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What Can Literature Teach Us?

Jan 3

Literature is a word that refers to both written and spoken works. Literature is derived from the Latin term literature, which means "writing created with letters," and refers to works of the imagination such as poetry, theatre, fiction, nonfiction, and, in certain cases, journalism and music.

What Is Literature, Exactly?

Simply said, literature expresses a language's or people's culture and heritage. Many have attempted to define the notion, yet it is apparent that the recognized definition of literature is always changing and developing.


What Is The Best Way To Teach English As A Second Language?

For many people, the term literature conjures up images of a higher art form; just writing words on a paper does not always imply that you've created literature. The approved corpus of works for a certain author is referred to as a canon. Some works of literature are regarded as canonical, or culturally typical of a genre (poetry, prose, or drama).


Genre Fiction vs. Literary Fiction

Literary fiction is further distinguished from so-called "genre fiction," which encompasses genres such as mystery, science fiction, western, romance, thriller, and horror, according to certain definitions. Consider the mass-market paperback.

Literary fiction explores themes common to the human condition and uses symbolism and other literary devices to convey the author's viewpoint on his or her chosen themes, whereas genre fiction has less character development and is read for entertainment, escapism, and plot, whereas genre fiction explores themes common to the human condition and uses symbolism and other literary devices to convey the author's viewpoint on his or her chosen themes. Reading literary fiction entails immersing oneself in the thoughts of the characters (or at least the protagonist) and their interactions with others. During the course of a literary work, the protagonist usually comes to a revelation or transforms in some manner.


What Is The Importance Of Literature?

At their finest, literary works serve as a type of blueprint for human civilization. From Egyptian and Chinese texts to Greek philosophy and poetry, from Homer's epics to William Shakespeare's plays, from Jane Austen and Charlotte Bronte to Maya Angelou, works of literature provide insight and context into all of the world's cultures. Literature may therefore be more than a historical or cultural item; it can also be a gateway to a new realm of experience.

However, what constitutes literature varies from generation to generation. For example, contemporaneous critics deemed Herman Melville's 1851 book "Moby Dick" a failure. However, because of its subject intricacy and use of symbolism, it has now been regarded as a masterpiece and is usually ranked as one of the finest works of Western literature. We may obtain a better grasp of literary traditions in Melville's period by reading "Moby Dick" now.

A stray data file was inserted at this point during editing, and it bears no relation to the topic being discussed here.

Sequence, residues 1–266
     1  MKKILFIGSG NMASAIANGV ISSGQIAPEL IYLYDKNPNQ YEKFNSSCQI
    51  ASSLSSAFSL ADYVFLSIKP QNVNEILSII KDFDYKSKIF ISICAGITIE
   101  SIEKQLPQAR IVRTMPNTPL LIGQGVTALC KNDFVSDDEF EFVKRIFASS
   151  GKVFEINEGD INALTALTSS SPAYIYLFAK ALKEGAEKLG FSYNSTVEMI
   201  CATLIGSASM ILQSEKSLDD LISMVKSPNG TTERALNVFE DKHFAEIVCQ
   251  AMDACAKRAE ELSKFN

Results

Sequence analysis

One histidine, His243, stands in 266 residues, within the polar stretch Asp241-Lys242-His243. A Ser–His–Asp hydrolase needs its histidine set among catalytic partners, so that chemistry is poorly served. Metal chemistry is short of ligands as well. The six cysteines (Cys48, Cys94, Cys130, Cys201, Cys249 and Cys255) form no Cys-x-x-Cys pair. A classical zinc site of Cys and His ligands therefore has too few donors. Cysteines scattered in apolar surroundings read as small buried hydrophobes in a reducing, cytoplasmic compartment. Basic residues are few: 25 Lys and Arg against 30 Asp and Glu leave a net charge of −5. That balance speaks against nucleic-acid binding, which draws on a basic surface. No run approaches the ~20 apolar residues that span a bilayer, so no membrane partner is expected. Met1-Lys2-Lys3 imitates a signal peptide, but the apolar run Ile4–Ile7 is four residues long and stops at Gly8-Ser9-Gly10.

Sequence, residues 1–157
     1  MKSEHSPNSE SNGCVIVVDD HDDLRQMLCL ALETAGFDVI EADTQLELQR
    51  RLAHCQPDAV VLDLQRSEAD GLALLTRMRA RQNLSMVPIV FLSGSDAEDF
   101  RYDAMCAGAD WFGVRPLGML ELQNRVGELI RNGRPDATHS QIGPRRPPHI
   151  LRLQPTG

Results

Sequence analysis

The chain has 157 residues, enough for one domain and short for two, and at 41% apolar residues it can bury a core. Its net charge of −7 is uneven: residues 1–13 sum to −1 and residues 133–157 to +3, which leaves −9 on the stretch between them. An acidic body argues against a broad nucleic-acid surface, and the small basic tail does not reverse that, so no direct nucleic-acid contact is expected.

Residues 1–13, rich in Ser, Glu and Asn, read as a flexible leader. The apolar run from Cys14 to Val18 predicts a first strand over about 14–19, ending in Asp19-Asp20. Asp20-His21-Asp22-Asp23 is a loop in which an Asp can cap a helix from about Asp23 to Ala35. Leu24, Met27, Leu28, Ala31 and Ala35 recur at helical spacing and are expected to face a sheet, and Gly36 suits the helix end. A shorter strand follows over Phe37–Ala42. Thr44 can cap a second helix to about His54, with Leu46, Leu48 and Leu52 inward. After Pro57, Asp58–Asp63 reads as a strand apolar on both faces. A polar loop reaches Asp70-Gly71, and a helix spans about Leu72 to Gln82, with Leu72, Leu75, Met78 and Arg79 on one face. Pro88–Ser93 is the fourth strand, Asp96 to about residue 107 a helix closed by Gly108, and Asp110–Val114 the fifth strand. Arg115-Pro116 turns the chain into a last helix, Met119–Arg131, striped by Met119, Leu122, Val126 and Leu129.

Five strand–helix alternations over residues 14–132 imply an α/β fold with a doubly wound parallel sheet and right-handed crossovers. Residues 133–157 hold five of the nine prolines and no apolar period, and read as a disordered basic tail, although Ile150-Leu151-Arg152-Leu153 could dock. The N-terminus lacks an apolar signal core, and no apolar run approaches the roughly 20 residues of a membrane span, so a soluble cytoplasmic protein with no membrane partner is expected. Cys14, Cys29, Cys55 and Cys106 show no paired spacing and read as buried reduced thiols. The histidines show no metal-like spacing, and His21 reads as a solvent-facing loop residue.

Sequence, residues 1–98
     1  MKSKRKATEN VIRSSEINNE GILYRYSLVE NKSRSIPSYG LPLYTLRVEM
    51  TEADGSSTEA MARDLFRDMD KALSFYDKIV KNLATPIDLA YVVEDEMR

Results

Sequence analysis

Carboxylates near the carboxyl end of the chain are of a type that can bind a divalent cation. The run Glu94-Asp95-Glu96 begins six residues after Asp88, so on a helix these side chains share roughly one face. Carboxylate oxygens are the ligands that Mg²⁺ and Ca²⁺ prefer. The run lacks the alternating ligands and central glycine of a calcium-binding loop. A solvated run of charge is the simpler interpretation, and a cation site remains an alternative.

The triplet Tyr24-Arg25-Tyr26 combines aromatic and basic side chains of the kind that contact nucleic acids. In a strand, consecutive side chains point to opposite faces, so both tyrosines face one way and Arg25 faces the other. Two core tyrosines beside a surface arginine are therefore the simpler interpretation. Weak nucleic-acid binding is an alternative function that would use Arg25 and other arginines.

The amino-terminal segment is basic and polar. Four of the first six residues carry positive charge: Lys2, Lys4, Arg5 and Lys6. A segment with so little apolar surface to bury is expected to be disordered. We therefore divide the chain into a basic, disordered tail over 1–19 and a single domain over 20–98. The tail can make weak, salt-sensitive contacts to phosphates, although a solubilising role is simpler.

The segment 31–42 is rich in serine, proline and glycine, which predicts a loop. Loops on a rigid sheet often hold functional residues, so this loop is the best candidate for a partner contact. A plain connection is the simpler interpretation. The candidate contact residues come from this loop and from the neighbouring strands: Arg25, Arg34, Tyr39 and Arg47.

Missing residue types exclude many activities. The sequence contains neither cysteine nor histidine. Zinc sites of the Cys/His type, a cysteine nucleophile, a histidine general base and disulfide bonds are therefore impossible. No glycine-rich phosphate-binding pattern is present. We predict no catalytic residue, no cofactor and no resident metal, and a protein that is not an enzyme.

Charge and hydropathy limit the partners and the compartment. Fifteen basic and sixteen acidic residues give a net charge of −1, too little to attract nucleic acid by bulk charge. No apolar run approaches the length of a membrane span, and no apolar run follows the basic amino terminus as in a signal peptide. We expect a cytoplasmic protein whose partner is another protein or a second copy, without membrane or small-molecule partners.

Literature Debate

In the end, we may deduce meaning from literature by examining what the author writes or says, as well as how he or she expresses it. We may deduce an author's message by looking at the words he or she uses in a book or work, or by watching which character or voice serves as the reader's link.

In academics, this decoding of the text is often accomplished by the use of literary theory to better grasp the context and depth of a work, such as mythological, sociological, psychological, historical, or other methods.

Literature is essential to us because it speaks to us, it is universal, and it impacts us on a very personal level, regardless of the critical paradigm we use to debate and analyze it.


School Capabilities

Students who study literature and read for enjoyment have a larger vocabulary, improved reading comprehension, and improved communication abilities, including the capacity to write. People's communication abilities have an impact on all aspect of their life, from interpersonal connections to corporate meetings to composing intraoffice messages or reports.

Students learn to discern cause and effect and use critical thinking skills as they examine literature. They investigate the characters mentally or sociologically without recognizing it. They figure out what motivates the characters to do what they do and look for any hidden reasons.

Students employ problem-solving skills to come up with a thesis and complete their paper while preparing an essay on a work of literature. It involves research skills to find proof for their position in the text and academic criticism, and it demands organizational skills to deliver their argument in a logical, well-organized way.


Other Emotions And Empathy

According to several research, persons who read literature have greater empathy for others because literature puts the reader in the shoes of another person. Empathy for others encourages individuals to interact more efficiently, resolve disagreements in a peaceful manner, cooperate more effectively in the job, act ethically, and maybe get active in improving their society.

Other studies have shown a link between empathy and reading, but not causality. In any case, research support the necessity for excellent English programs in schools, particularly as individuals spend more time gazing at devices than reading books.

Readers will feel more connected to mankind and less lonely as a result of their empathy for others. Students who study literature might find comfort in knowing that others have gone through what they are going through or have gone through. If they feel overwhelmed or alone with their worries, this might be a catharsis and release.